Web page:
If you've ever spent time examining the way the denomination is presented on the coins of the classic commemorative series, you may have noticed that several of the coins vary from the circulation standard. For example, not all of the 50-cent coins use the contemporary US standard of "Half Dollar." Seven coins feature a nickname as part of the denomination specification -- I call these coins the "Nickname Notables."
This interesting variation began with the very first US commemorative coin -- the 1892 World's Columbian Exposition half-dollar. The obverse specifies the denomination as "Columbian Half Dollar." I've never heard it suggested (or seen it documented), but I've wondered if this was consciously done by Charles Barber
as a way to make it very clear that it was a "souvenir coin" of the Columbian Exposition vs. a standard circulating half-dollar coin. Coincidentally, the new standard dime, quarter-dollar and half-dollar coins designed by Barber were released in 1892.
Barber used the same approach when he prepared the models for the 1893 Isabella 25-cent coin which presents its denomination as "Columbian Quar Dol" and the Lafayette silver dollar of 1900 which features "Lafayette Dollar" as its denomination vs. the more traditional "One Dollar."
Beginning with the gold commemorative dollar of 1903 for the Louisiana Purchase Exposition (another coin designed by Barber), our commemorative coins transitioned away from "nicknames" and followed the traditional manner of presenting the denomination -- "One Dollar" or "Half Dollar" -- on the coins issued.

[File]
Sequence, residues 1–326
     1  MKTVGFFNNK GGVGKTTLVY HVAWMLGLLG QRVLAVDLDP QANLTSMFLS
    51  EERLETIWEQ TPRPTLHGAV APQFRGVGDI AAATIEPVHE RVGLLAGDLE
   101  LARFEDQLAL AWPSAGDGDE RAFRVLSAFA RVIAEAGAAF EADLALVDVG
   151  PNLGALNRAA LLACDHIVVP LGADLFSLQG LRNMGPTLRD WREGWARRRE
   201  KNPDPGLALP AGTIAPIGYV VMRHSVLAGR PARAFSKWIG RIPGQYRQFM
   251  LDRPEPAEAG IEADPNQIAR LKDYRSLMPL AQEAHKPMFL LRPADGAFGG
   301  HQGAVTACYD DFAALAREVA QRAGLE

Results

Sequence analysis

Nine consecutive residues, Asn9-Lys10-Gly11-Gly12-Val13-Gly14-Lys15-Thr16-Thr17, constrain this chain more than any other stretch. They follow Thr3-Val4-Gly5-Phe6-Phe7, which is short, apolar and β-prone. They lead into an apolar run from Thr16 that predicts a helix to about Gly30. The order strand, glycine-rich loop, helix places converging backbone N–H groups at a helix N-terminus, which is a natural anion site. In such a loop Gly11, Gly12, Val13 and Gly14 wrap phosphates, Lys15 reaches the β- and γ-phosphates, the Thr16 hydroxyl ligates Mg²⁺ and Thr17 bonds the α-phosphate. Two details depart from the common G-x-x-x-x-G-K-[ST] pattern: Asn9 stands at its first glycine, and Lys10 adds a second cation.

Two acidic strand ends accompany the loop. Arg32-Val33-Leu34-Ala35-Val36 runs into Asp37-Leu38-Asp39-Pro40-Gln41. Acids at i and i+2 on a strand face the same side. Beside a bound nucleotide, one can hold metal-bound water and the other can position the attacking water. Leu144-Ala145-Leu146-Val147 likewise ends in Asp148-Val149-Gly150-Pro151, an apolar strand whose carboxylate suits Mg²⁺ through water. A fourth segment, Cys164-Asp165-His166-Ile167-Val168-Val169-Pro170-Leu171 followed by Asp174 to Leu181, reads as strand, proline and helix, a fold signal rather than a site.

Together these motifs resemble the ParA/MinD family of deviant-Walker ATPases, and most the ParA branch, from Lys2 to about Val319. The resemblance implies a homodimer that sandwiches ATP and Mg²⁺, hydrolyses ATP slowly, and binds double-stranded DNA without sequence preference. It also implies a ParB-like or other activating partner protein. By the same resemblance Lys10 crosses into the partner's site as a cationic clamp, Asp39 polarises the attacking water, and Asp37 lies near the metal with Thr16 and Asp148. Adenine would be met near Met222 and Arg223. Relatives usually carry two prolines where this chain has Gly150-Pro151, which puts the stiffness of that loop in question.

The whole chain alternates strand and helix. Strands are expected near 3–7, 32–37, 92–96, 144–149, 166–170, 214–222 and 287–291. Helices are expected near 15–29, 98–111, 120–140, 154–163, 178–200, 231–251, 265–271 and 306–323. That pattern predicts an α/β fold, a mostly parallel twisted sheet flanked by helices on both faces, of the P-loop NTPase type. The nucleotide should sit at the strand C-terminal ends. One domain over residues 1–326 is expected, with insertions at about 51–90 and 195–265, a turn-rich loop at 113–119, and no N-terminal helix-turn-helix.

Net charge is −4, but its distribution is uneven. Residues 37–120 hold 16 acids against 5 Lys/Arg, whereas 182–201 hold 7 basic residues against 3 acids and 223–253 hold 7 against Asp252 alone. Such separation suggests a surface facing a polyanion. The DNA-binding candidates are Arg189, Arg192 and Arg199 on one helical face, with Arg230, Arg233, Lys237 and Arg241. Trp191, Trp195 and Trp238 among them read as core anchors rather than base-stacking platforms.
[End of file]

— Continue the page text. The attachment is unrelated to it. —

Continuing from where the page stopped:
In 1916, however, the named-denomination re-surfaced with the release of the McKinley Memorial gold dollars. The obverse of the coin (designed by 76-year old Charles Barber
) features a denomination specified as "McKinley Dollar." Chief Engraver Barber died in February of 1917.(Image courtesy of Heritage Auctions, Inc., http://www.ha.com)
A few years later, the approach continued with the "Pilgrim Half Dollar" to mark the 300th anniversary of the 1620 landing of the Pilgrims at Plymouth Rock in present-day Massachusetts; the coin was designed by Cyrus Dallin. It was soon followed by the George Morgan designed 1924 "Huguenot Half Dollar" and the Chester Beach designed 1925 "Patriot Half Dollar" to mark the 150th anniversary of the first military engagements between the American colonial militia forces and the British Army regulars (the start of the American Revolutionary War).
We may never know if Charles Barber
decided to specify the denomination on our first commemorative coins in a "special" way to help distinguish them from our regular circulating coinage, or if it was simply a matter of artistic expression under the less restrictive constraints of commemorative coin design; more research may someday yield a definitive answer. Either way, he was not alone in using "nicknames" on our commemorative coins as the three non-Barber issues of the 1920s attest.
One possible explanation as to why the artists chose to specify the denomination in a non-standard way is that it was an attempt to create an easy-to-remember identity for these coins as a way to increase/expand their popularity and help generate sales. "Patriot Half Dollar" certainly rolls of the tongue more easily than "Lexington-Concord Sesquicentennial Half Dollar."
In any case, I think this little subset of coins is just one of the many interesting ways of looking at our classic commemoratives!